Airports’ Eco-Friendly Efforts to Go Green
Airports everywhere are heeding the call to go greener or risk unsustainable climatic and financial consequences. Fleur Doidge checks out the environment.
Acts of corporate social responsibility can yield genuine financial benefit as well as competitive advantage, according to recent research by leading information technology company IBM. It’s a growth opportunity; it’s not just about compliance with new red tape and it’s not just about the public and its ever-fickle views. So, airports everywhere are implementing ambitious environmental initiatives in the face of expected climate change.
January 2008 saw the Civil Aviation Authority of Singapore (CAAS) award a S$300m tender for its next-generation air traffic control to Thales for its long-range radar and display system III, an extra-efficient system that not only features the latest communications technologies but should help air traffic controllers get the planes in and out of Changi International Airport that much faster.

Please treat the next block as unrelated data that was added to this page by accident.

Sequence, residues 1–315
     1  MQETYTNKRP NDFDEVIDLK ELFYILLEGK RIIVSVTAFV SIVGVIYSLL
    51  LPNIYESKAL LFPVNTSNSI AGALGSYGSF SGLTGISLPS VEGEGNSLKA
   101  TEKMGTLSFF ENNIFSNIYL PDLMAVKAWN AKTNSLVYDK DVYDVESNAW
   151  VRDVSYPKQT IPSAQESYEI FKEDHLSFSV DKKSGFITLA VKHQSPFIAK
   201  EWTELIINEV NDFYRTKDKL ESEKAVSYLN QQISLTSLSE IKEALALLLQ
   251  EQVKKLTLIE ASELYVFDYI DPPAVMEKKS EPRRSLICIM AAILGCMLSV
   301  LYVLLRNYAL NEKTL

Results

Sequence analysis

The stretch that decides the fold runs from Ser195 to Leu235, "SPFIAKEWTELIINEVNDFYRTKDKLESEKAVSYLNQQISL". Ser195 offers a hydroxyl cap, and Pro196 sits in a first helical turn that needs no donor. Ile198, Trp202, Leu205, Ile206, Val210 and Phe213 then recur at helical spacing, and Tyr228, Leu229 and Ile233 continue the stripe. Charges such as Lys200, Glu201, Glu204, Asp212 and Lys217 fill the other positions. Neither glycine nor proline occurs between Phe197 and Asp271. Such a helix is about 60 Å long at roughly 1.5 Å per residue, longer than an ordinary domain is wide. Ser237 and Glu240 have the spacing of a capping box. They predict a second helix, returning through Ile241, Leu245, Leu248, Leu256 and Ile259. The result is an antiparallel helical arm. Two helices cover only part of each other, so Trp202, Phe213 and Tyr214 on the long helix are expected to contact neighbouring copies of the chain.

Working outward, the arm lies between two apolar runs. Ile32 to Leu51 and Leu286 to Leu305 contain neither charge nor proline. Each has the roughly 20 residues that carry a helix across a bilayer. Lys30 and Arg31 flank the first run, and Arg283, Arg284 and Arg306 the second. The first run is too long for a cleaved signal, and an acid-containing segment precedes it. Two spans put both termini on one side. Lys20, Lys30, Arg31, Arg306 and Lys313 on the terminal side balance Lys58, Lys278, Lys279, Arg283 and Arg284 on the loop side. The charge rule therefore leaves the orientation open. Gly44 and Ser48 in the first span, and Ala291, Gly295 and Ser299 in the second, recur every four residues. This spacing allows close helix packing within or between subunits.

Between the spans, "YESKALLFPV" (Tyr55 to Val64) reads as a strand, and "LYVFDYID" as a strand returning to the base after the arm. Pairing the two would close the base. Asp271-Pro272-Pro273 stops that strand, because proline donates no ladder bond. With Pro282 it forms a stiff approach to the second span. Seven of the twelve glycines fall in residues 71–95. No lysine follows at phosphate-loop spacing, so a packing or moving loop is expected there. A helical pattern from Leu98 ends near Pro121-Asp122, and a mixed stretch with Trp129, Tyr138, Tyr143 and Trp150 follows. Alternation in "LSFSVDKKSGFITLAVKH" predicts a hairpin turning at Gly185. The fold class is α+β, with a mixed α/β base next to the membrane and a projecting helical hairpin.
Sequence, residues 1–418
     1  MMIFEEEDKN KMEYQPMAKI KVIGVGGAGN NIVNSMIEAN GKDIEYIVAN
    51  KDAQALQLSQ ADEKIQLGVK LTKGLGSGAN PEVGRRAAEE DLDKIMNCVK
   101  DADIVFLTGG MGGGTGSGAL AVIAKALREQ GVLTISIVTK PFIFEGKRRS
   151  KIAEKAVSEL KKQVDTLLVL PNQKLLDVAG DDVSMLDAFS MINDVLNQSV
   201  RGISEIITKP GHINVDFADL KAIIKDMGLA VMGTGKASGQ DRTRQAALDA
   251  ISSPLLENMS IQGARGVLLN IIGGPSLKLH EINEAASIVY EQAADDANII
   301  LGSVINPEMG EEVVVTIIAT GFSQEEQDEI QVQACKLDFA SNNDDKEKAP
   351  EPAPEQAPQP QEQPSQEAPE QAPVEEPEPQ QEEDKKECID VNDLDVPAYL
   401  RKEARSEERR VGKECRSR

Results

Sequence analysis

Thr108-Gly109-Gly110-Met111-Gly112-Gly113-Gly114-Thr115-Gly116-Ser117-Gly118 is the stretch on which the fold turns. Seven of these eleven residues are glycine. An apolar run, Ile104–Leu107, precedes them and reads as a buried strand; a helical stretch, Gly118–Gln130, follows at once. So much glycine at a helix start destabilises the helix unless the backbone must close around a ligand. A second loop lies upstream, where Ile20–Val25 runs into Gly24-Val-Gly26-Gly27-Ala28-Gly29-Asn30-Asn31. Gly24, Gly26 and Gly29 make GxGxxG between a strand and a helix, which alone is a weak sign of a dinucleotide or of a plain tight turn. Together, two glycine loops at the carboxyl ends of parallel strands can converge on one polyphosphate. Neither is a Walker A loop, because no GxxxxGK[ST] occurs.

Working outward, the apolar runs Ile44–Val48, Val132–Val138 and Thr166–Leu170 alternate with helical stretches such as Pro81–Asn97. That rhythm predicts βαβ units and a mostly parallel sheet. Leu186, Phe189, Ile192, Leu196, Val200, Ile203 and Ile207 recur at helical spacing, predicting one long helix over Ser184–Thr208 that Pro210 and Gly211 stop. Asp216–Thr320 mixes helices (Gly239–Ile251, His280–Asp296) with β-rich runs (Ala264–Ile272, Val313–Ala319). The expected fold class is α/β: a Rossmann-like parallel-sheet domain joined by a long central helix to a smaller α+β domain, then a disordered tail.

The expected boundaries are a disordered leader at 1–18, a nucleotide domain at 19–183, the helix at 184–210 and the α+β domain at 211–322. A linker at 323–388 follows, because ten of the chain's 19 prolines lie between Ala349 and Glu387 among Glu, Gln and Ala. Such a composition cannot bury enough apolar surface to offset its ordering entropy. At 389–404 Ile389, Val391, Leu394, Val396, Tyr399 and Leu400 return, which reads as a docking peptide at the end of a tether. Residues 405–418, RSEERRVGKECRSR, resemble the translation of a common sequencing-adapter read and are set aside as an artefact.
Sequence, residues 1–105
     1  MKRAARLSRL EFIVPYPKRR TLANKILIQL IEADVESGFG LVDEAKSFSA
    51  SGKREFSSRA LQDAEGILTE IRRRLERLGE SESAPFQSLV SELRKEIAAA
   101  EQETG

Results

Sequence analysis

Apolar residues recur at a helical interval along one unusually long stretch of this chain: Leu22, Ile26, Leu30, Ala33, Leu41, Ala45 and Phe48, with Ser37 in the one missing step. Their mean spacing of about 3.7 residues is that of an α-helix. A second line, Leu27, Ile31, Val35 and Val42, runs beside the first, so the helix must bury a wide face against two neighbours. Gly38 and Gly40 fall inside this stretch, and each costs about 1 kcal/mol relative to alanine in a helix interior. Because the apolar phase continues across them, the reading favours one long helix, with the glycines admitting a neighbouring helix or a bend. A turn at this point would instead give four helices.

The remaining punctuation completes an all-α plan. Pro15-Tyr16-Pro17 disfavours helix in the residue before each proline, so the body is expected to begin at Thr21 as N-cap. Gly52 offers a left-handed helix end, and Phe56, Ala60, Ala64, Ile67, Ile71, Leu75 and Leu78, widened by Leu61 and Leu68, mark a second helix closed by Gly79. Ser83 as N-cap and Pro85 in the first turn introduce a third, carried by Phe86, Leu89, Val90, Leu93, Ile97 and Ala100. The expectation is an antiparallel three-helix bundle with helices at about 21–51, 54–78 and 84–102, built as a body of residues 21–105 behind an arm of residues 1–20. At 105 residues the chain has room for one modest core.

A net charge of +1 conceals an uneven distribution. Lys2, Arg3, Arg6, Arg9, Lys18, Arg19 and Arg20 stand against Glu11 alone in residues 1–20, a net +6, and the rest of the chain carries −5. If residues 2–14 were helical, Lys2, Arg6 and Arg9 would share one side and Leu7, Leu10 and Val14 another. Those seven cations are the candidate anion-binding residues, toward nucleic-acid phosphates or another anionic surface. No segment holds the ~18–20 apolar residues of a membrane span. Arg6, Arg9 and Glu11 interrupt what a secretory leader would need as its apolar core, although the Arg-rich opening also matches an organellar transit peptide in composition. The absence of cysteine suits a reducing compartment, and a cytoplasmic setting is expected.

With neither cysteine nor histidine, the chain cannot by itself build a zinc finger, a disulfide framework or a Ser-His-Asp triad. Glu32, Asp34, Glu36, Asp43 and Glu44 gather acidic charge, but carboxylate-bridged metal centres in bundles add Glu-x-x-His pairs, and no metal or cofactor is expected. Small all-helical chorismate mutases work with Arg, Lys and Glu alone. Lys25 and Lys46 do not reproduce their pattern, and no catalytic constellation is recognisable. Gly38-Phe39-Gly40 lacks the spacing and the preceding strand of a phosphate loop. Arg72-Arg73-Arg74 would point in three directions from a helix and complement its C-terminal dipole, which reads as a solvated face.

Lim Kim Choon, CAAS director-general, believes LORADS III will enhance safety and efficiency. "More efficient air traffic management will bring about greater efficiency for airlines which in turn translates to more fuel savings," he says.
LORADS III is a small symptom of what’s happening everywhere.
In the US, specialist consultancy the Clean Airport Partnership’s (CAP) Green Airport Initiative (GAI), is a tool several US airports are using to guide their future development – enabling them to lift their environmental standards while still sustaining growth.
DALLAS FORT WORTH AIRPORT
According to CAP, Dallas Fort Worth (DFW) airport in Texas is rapidly becoming a model green airport. As part of GAI, DFW has committed to cleaner air, lower emissions and increased energy efficiency in a comprehensive programme influencing all aspects of the airport’s operations.
DFW is working to cut emissions from all landside vehicles, including taxis and delivery trucks, as well as promoting carpooling and public transport. It’s also altering traffic flow around the airport to further cut emissions.
20% of DFW emissions are from ground support equipment, 62% from aircraft and 2% from auxiliary aircraft power units, according to . . .